Prague - The privatisation of the Czech state may not end without a court verdict being issued, Martin Zverina writes in daily Lidove noviny (LN) today about the case of dubious businessman Ivo Rittig with closed links to top politicians.
Rittig was allegedly charged with the leak of data from the BIS counter-intelligence in connection with the illegal surveillance case of Jana Nagyova (now Necasova) who was then PM Petr Necas's closest aide and mistress.
Zverina writes that Rittig´s accusation would mean significant progress in the case thought his act might be qualified as a misdemeanour for which he would face a fine or a very low sentence.
Zverina says anyone who is found guilty of leaking similar classified material should be exemplary punished. If it were proved, it would partially justify the strong police action.
"A worse example of the privatisation of the state can hardly be invented," Zverina writes.
The police effort may not result in a number of convicted top politicians since some of them cannot be investigated at all. However, citizens can rightfully expect the punishment of those who, not protected by immunity, committed the monkey business or covered it up, Zverina adds.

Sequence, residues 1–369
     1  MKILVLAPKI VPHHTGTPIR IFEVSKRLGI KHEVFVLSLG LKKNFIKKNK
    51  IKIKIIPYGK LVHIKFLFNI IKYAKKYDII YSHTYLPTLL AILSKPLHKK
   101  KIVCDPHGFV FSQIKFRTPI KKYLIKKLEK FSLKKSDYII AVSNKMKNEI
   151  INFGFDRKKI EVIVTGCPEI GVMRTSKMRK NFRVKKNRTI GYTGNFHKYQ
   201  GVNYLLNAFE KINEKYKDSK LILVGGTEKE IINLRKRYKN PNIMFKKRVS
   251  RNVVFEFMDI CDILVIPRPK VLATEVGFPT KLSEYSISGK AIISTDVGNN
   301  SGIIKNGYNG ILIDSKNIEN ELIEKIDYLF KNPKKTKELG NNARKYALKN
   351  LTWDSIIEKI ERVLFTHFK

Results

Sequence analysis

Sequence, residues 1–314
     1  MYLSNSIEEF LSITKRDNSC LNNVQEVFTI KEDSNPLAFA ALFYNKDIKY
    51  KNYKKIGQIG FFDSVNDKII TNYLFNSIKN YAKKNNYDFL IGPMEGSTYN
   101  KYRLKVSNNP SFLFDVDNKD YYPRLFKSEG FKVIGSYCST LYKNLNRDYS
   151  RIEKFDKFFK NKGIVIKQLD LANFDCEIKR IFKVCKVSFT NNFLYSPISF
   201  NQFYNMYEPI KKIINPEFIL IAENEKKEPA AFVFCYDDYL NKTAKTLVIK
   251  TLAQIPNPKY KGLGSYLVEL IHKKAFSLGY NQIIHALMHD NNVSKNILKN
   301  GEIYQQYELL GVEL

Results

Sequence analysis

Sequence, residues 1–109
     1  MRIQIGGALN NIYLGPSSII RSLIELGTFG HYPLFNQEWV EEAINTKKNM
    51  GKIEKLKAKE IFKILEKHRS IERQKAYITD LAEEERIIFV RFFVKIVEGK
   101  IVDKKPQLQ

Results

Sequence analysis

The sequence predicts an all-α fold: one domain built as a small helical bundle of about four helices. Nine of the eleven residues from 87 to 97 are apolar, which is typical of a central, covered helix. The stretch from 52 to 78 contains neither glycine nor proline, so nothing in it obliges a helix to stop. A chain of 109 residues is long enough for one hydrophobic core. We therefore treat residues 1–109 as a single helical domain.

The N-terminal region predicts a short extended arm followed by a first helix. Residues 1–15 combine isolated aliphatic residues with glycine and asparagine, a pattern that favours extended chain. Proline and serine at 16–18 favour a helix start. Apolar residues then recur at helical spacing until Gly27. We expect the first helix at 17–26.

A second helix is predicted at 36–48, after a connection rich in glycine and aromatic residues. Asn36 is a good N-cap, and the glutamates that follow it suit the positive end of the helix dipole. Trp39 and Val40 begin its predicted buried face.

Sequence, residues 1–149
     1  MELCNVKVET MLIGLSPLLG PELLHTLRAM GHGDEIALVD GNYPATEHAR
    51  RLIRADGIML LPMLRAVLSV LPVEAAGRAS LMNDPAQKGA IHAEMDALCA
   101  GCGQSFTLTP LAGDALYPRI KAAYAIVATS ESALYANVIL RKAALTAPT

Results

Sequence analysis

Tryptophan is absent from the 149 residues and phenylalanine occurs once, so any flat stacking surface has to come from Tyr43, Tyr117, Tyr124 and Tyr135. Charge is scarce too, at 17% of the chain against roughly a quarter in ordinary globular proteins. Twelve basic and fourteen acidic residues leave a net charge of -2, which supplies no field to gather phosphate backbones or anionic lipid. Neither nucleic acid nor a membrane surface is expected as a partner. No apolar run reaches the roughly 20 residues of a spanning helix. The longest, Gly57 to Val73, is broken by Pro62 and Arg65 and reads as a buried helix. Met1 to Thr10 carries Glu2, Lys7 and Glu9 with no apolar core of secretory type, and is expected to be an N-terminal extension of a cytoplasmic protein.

As a network of politicians and businessmen linked to money from public budgets cannot be operated without the respective civil servants´ aid. If at least they feared punishment, it would be certain prevention or a barrier against corruption, Zverina writes.
"In an ideal society a businessman like Ivo Rittig would suffer from an absolute isolation. But we are not living in such society," Zverina concludes in LN.
Russian President Vladimir Putin seems to be "lost in his own labyrinth," Daniel Anyz writes in the daily Hospodarske noviny (HN), commenting of Putin´s intervention in Ukraine.
Putin makes an impression of a nervous man who acts under a strong pressure uttering propagandistic statements that no one can take seriously, Anyz says.
He reminds of Putin´s words blaming the United States for the crisis in Ukraine. Putin must be driven over the edge when he is making such mistakes, he writes.
Moreover, Putin might really trust his words, Anyz adds.
This is dangerous and it probably cannot be changed. However, Russia and Russians are not only Putin though he enjoys a strong public support, Anyz points out.
To suppose that this situation must last for ever means to underestimate the human will to live in a really free society, Anyz writes in HN.
The Russian aggression should unite Czech politics, Karel Steigerwald writes in Mlada fronta Dnes (MfD) today.
He draws a parallel between the current Russian intervention in Crimea and the Soviet-led invasion of Czechoslovakia in 1968.
It has the same effect on the domestic politics like then though this occupation is more distant, Steigerwald writes, adding that after the first wave of the integrity of emotions, a gradual disintegration and relativising of the events follows and evasions are being formulated.
"If not even such a clear case as the intervention of a foreign country´s army in Europe is able to unite our politics to pursue the joint interest to protect our own country, the condition of both the state and us is not good," Steigerwald writes.